On the second day of our Coffee Journey, Ana and I walked for 45 minutes to Lee’s family’s coffee fields, where he explained how the plants are grown and harvested. Then he handed us each baskets and instructed us on how to properly twist and pluck the ripe coffee cherries. Ana enthusiastically joined in the picking, and by lunchtime our baskets were filled with shining red and yellow cherries.
At lunchtime, we ate a plentiful lunch on huge banana leaves. Right after, we headed back into fields for round two. It’s hard to say at which point, for Ana, that the fun of plucking and twisting gave way to an understanding and appreciation of the work that it really is. As our baskets filled, Lee and other villagers eagerly replaced them and encouraged us to continue picking. After several hours, my hands and arms cramped with the small, repetitive tasks. Ana continued to work respectfully, but it was clear that the “game” aspect of this all was gone.
Mind you, none of this was exactly miserable—far from it, since the weather was a perfect mix of cool breeze and warm sunshine. The reality of the task, however, of picking all day for your survival and livelihood, had sunk in for our rag-tag group of 20 or so participants. While we worked, Lee’s family gathered vegetables and prepared dinner for our group. Feeding twenty ravenous people is no small task, either!
And as it happened, on this second Coffee Journey, at the end of our long day in the fields, Ana and I joined the group around a large bonfire under a sky filled with more stars than Ana had ever seen in her life and welcomed in the New Year with new friends, new realizations, and perspective shifts on what it takes to live and enjoy life.
The realities of processing coffee continued unabated the next day as we watched Lee’s sister sort through the coffee berries, discarding the under-ripe berries we unknowingly plucked. A machine then separated the beans from the husks, after which the families took these wet coffee beans to huge tarp-covered pallets so to dry out in the cool mountain air.
Dry beans are then bagged and stored until they are ready for the journey to Chiang Mai, where Lee roasts the beans, bags them, and either sells them or grinds them for coffee.
The Realities of Sustainable Crops
At its most basic, fair trade means that the people at the beginning of the process — the community growing your coffee, chocolate, cotton — have a shot at fair profits and fair opportunities. Without this equality, the harsh reality is that communities in the developing world are forced to sell their goods for whatever someone will pay.
Lee’s village is beautiful. The people and smiles were open and welcoming from the moment our feet hit the compact, dusty red earth. Our welcome was genuine and each villager we met was willing to open up to a group of strangers in the hopes that we would take away an understanding of all that lies behind the Akha Ama brand.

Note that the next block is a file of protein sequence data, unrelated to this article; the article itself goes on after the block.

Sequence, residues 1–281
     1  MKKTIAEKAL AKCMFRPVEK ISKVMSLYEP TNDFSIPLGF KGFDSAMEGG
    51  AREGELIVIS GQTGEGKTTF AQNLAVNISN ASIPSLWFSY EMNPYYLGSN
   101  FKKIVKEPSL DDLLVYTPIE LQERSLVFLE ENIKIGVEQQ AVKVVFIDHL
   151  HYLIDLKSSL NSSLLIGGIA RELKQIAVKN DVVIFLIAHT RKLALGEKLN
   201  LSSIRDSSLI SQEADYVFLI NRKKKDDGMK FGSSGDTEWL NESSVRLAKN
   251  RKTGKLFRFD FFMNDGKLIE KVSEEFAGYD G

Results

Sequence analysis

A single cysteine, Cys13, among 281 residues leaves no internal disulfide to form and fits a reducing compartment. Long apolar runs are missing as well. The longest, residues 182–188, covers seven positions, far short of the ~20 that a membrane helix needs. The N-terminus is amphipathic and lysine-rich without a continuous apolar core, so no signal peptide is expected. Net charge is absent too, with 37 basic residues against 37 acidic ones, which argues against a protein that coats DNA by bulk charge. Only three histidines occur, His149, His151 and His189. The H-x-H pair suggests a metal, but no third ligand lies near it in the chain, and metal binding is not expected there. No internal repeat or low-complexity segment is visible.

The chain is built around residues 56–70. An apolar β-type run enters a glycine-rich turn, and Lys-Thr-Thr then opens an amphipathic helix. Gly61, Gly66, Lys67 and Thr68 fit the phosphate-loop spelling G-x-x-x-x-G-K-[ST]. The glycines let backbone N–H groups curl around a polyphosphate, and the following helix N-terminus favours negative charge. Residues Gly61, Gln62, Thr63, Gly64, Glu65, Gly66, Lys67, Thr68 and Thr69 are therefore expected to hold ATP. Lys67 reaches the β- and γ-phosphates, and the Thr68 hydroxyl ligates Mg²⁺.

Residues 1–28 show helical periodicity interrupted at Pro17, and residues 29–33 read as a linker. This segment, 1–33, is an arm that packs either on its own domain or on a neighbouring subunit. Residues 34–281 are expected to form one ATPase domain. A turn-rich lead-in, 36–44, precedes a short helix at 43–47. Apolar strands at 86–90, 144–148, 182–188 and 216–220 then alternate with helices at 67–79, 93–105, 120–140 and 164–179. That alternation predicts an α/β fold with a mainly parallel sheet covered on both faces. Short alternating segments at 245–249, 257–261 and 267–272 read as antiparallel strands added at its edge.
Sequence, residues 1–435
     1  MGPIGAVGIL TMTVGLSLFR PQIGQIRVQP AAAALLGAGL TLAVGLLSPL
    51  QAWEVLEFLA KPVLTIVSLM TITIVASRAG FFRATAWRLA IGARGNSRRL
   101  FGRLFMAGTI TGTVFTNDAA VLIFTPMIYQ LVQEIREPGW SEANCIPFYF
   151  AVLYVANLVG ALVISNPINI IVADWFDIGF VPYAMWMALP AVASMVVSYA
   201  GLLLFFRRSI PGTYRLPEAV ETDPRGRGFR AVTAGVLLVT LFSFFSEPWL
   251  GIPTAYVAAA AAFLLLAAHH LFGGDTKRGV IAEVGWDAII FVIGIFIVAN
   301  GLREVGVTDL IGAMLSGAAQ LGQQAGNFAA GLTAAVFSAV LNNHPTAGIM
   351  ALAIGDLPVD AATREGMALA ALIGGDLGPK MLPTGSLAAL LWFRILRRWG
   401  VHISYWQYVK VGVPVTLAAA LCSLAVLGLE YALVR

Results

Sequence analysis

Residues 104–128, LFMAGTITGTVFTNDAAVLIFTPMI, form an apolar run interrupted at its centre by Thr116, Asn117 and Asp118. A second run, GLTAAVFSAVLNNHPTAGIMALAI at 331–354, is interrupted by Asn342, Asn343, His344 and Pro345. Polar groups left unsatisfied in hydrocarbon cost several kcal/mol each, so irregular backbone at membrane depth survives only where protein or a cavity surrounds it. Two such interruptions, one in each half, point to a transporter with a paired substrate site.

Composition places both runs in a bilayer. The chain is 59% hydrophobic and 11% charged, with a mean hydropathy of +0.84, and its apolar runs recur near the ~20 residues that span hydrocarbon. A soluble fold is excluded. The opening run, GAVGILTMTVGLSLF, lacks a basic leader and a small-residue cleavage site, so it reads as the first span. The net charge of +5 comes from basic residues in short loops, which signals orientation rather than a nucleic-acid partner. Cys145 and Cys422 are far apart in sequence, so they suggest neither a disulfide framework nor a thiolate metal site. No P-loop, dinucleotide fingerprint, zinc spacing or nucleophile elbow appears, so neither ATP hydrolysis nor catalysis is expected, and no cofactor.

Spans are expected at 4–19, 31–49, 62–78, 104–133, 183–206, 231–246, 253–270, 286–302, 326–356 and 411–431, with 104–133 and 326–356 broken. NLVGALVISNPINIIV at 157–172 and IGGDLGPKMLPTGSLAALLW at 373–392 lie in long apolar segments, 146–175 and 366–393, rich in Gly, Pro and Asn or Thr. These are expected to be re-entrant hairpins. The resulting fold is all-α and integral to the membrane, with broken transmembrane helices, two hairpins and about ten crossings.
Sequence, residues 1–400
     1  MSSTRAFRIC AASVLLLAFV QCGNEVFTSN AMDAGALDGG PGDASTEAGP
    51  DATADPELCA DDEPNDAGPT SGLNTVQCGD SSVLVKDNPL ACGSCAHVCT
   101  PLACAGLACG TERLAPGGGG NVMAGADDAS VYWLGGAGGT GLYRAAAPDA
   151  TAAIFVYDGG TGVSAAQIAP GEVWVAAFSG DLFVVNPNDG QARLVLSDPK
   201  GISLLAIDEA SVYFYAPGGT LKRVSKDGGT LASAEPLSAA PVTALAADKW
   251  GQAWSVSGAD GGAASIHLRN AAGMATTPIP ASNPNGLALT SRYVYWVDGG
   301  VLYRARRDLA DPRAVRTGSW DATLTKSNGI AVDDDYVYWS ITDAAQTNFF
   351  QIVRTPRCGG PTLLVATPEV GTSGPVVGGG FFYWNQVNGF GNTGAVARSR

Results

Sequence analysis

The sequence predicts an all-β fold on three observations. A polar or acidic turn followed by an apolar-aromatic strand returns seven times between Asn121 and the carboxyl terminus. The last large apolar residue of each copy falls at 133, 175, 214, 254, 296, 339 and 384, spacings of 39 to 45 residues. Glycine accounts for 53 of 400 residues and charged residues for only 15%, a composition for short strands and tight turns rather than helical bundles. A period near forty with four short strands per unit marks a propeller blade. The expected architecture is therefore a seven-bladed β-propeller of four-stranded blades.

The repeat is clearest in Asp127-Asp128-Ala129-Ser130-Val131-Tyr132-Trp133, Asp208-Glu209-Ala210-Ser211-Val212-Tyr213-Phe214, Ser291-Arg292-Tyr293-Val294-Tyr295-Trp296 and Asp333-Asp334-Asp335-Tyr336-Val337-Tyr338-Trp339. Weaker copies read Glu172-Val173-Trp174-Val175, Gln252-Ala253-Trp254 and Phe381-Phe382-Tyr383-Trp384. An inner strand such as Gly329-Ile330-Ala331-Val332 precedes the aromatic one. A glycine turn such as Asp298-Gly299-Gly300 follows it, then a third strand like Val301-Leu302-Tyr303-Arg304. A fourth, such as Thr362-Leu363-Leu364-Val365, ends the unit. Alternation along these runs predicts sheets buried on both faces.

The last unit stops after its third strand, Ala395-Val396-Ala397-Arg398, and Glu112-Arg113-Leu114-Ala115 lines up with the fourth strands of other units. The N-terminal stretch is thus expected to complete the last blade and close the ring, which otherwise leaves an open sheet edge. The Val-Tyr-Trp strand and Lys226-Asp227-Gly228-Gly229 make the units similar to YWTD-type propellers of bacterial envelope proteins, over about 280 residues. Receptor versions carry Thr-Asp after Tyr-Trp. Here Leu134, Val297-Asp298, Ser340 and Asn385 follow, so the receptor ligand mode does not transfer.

There are people behind that logo. A community of children, mothers, and fathers exist behind each package of coffee Lee sells in his shop. The money from each sale is a tangible investment in a remote community living on a faraway hill-side. Ana watched the young children in Maejantai play games around her, using their imaginations to fuel epic staged battles between good and evil that echoed the games her little brother regularly plays back home. I didn’t have to point out the similarities. Anyone can see that they exist—our common humanity is as clear as day.
Our Coffee Journey lasted three days; Lee’s coffee journey is ongoing. As the face and front-end of Akha Ama, Lee is actively working to promote the brand as a sustainable, fair trade, organic coffee brand. Only through talking with Lee and then visiting his village’s collective did I realize the lengthy and expensive process that goes into legally using many of these buzzwords. When he conceived of Akha Ama, Lee embarked on a process that could secure the future of his village for generations. Beyond farming, there are few viable economic opportunities for such a remote community. In recent years, the lure of modernization has taken much of the youth out of the village and into the big cities. But with money, an operation, and something to back and believe in, Akha Ama is changing opportunities for each family of the Maejantai collective.
Over the years, news stories have indicted the idea of fair trade as flawed and unable to substantiate on a large-scale. We hear discouraging stories like the scandal that came out of Victoria’s Secret in late 2011 when one of their suppliers of certified fair trade cotton in Burkina Faso used child labor to pick and plant, contravening established fair trade rules. It’s easy to throw the proverbial baby out with the bathwater and give up on the whole idea, given the negative press.